Yet democracies would be wrong to turn their back on nuclear power. It still has the advantages of offering reliable power, a degree of energy security, and no carbon dioxide emissions beyond those incurred in building and supplying the plants. In terms of lives lost it has also boasted, to date, a reasonably good record. Chernobyl’s death toll is highly uncertain, but may have reached a few thousand people. China’s coal mines certainly kill 2,000-3,000 workers a year, and coal-smogged air there and elsewhere kills many more. It remains a reasonable idea for most rich countries to keep some nuclear power in their portfolio, not least because by maintaining economic and technological stakes in nuclear they will have more standing to insist on high standards for safety and non-proliferation being applied throughout the world. But in the face of panic, of sinister towers of smoke, of invisible and implacable threats, the reasonable course is not an easy one.
No country faces that choice more painfully than Japan, scarred by nuclear energy but also deprived of native alternatives. To abandon nuclear power is to commit the country to massive imports of gas and perhaps coal. To keep it is to face and overcome a national trauma and to accept a small but real risk of another disaster.
Japan’s all too frequent experience of calamity suggests that such events are often followed by great change. After the earthquake of 1923, it turned to militarism. After its defeat in the second world war, and the dropping of the atom bombs, it espoused peaceful growth. The Kobe earthquake reinforced Japan’s recent turning in on itself.
This new catastrophe seems likely to have a similarly huge impact on the nation’s psyche. It may be that the Japanese people’s impressive response to disaster, and the rest of the world’s awe in the face of their stoicism, restores the self-confidence the country so badly needs. It may be that the failings of its secretive system of governance, exemplified by the shoddy management of its nuclear plants, lead to more demands for political reform. As long as Mr Kan can convince the public that the government’s information on radiation is trustworthy, and that it can ease the cold and hunger of tsunami survivors, his hand may be strengthened to further liberalise Japan. Or it may be that things take a darker turn.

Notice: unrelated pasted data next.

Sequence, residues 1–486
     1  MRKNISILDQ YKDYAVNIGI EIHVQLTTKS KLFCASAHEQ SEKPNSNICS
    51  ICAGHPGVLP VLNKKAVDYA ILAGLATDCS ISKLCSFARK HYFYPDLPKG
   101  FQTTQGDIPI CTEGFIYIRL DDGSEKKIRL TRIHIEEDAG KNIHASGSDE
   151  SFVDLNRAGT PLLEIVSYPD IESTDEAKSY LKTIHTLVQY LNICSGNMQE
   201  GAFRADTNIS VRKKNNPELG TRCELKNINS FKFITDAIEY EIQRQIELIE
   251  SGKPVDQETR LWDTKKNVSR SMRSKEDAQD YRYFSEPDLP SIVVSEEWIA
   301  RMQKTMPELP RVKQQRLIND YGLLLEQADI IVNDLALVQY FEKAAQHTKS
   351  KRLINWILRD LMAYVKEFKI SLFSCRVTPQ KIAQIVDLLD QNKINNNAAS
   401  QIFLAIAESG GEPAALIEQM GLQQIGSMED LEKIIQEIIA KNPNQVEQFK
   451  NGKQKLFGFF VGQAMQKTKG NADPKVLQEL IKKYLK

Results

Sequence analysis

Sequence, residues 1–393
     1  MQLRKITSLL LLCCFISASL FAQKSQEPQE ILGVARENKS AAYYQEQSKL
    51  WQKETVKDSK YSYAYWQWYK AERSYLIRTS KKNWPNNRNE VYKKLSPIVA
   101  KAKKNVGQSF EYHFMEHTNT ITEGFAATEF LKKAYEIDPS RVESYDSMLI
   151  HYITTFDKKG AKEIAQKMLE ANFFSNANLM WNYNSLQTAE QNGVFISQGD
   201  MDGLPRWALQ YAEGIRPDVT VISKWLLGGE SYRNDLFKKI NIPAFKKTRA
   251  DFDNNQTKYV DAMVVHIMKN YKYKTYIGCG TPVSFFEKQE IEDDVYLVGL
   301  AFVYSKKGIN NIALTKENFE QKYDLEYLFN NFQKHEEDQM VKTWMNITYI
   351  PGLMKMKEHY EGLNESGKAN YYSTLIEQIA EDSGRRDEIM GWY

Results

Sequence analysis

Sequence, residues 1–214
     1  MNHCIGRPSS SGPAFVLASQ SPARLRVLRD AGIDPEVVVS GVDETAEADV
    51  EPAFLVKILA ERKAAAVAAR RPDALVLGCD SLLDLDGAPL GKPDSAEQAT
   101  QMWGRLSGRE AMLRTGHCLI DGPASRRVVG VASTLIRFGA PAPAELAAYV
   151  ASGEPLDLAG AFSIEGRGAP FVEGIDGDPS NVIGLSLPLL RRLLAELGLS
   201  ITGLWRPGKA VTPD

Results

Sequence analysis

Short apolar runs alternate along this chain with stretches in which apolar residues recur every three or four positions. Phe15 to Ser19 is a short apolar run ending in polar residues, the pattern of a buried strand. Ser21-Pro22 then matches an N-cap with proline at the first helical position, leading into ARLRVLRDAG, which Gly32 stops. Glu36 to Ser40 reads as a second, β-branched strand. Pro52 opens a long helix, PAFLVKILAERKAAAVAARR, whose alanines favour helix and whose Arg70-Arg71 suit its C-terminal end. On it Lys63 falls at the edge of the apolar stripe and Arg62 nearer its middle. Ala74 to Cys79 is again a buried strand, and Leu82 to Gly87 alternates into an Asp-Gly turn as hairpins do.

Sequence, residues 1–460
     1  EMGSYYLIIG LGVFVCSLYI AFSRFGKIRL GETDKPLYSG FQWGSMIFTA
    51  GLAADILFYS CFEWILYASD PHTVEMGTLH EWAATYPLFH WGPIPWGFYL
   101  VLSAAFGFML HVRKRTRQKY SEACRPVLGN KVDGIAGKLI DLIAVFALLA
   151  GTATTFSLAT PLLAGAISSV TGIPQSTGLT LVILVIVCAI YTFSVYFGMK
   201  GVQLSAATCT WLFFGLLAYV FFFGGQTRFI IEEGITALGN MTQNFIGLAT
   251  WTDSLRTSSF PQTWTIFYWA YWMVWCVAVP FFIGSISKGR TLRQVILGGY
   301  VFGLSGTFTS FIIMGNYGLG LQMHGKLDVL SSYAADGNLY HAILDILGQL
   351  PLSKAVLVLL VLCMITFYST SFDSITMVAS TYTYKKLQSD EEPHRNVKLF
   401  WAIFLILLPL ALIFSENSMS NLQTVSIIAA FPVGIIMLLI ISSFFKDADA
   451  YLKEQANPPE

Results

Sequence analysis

The stakes are high. Japan—a despondent country with a dysfunctional political system—badly needs change. It seems just possible that, looking back from a safe distance, Japan’s people will regard this dreadful moment not just as a time of death, grief and mourning, but also as a time of rebirth.
And now for another war
DISTRACTED by the tsunami and nuclear catastrophe in Japan, American punditry lost sight for a while of the negotiations taking place in the UN Security Council. So it was with something of a surprise that Washington awoke this morning to discover that the council had authorised "all necessary means", including a no-fly zone, to protect Libya's population from Colonel Muammar Qaddafi. By comparison with the year or more of angst that preceded George Bush's invasion of Iraq in 2003, the pros and cons of this decision have received remarkably little debate.
One explanation for the speed of the decision is that, unlike the case in Iraq, time is of the essence: Colonel Qaddafi's forces are on the rampage now, whereas in 2003 Saddam Hussein's far worse atrocities were far behind him and the invasion was not launched in order to resolve an immediate humanitarian crisis. But the upshot is that the aims of the coalition now preparing for action are utterly confused. Is the mission to freeze the respective forces in place or to create conditions in which the rebel forces can eventually topple the dictator?